On August 15, the Cannon Beach City Council met for a continuation of the hearing for a proposed development which aimed to privatize a public right-of-way and build a “super driveway” in the oceanfront setback zone.
This years-long battle finally came to a close, with the City Council voting unanimously to deny the application and uphold the City code in the face of well-funded private interests. Councilors have cited many issues with the application, including incomplete development plans, unaddressed traffic safety concerns, and the inclusion of structures within the oceanfront setback zone, which is prohibited. This in particular conflicts with Surfrider’s beach preservation policy, as the placement of retaining walls and other structures in this area would lead to erosion of the public beach in front of the iconic Haystack Rock. As climate change worsens, this area will be subjected to more extreme weather events, putting stress on what is already an active landslide zone. You can view the final order and findings from the City here.
This piece of land sits just south of the historic Oswald West cabin, which was rebuilt as a museum after an arson attack in 1991, and contains the largest stand of oceanfront forest in Cannon Beach. It is also adjacent to Inspiration Point, the place where Governor West first conceived of the idea that Oregon beaches should belong to the people, forever.
Governor Oswald West's historic cabin. It sat just north of the proposed development.
We have so much gratitude for our North Coast Chapter and our partners who have worked tirelessly to mobilize and inform the community around this harmful development, submit comments, and support in land use appeals. Thanks to the work of key advocates from the historical center, Haystack Rock LLC, Friends of the Dunes at Cannon Beach, and Oregon Coast Alliance, this special piece of coastline will continue to inspire future generations of Oregonians.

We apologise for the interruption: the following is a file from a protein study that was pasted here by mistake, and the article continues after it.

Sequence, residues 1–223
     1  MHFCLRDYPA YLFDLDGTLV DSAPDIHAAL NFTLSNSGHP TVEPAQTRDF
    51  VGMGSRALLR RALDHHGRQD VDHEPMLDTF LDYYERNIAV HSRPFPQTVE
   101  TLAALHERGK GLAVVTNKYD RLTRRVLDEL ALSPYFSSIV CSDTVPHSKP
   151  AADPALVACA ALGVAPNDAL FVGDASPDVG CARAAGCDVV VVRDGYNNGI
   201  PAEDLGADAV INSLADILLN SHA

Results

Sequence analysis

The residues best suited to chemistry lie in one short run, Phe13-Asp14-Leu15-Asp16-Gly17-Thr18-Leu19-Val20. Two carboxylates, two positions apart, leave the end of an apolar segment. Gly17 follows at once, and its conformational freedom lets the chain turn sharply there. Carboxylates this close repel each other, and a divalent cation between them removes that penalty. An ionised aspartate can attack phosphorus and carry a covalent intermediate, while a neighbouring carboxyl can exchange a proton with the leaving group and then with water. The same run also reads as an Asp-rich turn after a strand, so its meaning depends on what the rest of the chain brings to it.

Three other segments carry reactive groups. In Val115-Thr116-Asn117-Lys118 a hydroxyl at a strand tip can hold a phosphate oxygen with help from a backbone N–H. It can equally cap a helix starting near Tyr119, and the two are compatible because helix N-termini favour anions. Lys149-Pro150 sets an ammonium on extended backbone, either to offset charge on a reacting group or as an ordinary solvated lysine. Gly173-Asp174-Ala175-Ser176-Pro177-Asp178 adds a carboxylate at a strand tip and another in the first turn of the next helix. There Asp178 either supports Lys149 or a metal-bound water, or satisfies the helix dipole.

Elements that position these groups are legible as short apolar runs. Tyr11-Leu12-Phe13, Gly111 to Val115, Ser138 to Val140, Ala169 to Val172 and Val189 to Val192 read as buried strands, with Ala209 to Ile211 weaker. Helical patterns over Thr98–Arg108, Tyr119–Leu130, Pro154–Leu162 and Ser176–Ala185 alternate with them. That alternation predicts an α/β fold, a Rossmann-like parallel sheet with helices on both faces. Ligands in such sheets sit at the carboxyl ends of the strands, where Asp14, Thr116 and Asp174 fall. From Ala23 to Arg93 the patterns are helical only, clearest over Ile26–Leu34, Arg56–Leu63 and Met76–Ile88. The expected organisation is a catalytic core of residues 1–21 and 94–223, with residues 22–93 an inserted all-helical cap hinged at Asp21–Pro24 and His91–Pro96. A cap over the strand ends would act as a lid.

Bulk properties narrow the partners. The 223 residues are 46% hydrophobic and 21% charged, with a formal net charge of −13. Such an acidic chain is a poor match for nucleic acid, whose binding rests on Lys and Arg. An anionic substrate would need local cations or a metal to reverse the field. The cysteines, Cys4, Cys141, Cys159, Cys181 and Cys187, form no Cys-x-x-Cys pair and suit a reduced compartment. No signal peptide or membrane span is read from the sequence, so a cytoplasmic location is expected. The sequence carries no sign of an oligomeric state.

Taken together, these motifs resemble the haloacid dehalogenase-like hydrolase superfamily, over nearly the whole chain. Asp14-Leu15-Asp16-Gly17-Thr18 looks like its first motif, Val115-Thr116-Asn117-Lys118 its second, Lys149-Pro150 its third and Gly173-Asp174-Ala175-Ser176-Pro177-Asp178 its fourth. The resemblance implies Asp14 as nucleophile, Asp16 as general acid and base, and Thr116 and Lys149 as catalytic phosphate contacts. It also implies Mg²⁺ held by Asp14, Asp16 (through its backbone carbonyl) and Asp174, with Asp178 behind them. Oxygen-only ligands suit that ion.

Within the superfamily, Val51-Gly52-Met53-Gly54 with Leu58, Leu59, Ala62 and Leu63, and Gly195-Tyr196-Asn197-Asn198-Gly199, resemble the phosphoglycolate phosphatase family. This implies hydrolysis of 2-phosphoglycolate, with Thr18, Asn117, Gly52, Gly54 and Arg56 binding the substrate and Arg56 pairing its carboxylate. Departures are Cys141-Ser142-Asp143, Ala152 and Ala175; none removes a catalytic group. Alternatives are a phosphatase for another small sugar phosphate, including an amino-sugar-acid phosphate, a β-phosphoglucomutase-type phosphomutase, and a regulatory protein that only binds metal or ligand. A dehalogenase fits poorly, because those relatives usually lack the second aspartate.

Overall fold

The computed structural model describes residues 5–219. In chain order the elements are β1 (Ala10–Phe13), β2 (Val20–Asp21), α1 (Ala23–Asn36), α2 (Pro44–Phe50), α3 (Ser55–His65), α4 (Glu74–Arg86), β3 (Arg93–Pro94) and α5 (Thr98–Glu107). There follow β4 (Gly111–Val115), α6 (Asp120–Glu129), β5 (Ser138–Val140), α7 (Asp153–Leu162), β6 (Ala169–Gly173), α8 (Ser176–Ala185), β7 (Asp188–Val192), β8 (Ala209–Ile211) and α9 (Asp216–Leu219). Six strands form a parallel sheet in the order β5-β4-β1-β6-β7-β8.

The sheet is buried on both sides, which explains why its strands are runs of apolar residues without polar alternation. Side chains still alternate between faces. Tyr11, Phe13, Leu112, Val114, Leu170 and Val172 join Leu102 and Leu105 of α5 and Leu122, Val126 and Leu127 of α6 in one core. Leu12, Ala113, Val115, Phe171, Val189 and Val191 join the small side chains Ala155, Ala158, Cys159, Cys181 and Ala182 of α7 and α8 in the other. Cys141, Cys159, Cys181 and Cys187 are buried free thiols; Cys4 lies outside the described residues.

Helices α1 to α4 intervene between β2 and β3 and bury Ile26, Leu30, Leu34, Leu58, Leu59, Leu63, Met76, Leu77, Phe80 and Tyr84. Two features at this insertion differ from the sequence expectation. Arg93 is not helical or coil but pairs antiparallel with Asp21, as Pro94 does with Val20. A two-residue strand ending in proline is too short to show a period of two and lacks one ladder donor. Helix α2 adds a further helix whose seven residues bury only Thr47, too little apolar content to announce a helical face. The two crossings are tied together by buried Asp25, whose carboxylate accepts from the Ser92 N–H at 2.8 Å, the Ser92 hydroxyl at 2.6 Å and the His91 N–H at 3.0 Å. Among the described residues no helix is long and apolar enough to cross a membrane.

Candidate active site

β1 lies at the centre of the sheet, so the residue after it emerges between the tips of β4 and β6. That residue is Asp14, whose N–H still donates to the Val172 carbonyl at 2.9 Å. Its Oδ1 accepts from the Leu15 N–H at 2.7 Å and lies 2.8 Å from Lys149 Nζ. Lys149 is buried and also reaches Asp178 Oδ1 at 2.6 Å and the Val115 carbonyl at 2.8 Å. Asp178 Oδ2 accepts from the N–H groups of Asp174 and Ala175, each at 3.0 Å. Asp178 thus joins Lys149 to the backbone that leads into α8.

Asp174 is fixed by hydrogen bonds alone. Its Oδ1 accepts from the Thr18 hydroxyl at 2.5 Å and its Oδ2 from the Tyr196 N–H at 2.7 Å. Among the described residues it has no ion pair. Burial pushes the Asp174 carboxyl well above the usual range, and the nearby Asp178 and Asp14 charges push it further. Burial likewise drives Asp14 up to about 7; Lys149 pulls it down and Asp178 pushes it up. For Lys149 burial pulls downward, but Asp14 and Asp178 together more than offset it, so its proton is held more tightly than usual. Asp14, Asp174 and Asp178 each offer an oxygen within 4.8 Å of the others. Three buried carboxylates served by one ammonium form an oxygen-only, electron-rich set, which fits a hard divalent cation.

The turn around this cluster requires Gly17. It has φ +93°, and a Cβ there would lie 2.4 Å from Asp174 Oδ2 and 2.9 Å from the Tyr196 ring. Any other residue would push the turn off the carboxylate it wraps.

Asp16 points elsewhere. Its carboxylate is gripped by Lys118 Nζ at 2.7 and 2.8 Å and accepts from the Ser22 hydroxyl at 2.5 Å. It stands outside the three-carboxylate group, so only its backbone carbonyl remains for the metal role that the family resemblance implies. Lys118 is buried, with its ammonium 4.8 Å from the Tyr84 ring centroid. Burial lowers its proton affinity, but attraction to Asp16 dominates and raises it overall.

After the vote, Mayor Barb Knop commended City staff and the City attorney for their work on this project. Likewise, I would like to commend Mayor Knop and the rest of the City Council for upholding the City code and not allowing this harmful development to erode our precious public beach and put our neighbors at risk. I admire the Councilors' acknowledgement of the weaknesses within the City code, and we look forward to working with them in the future to strengthen the code and further protect Cannon Beach’s shoreline. For more on that work, visit our campaign page.
UPDATE - On August 29, 2023, the applicant filed a Notice of Intent to Appeal with the Land Use Board of Appeals. At this time, Surfrider will be monitoring the situation but will not be intervening in the LUBA process.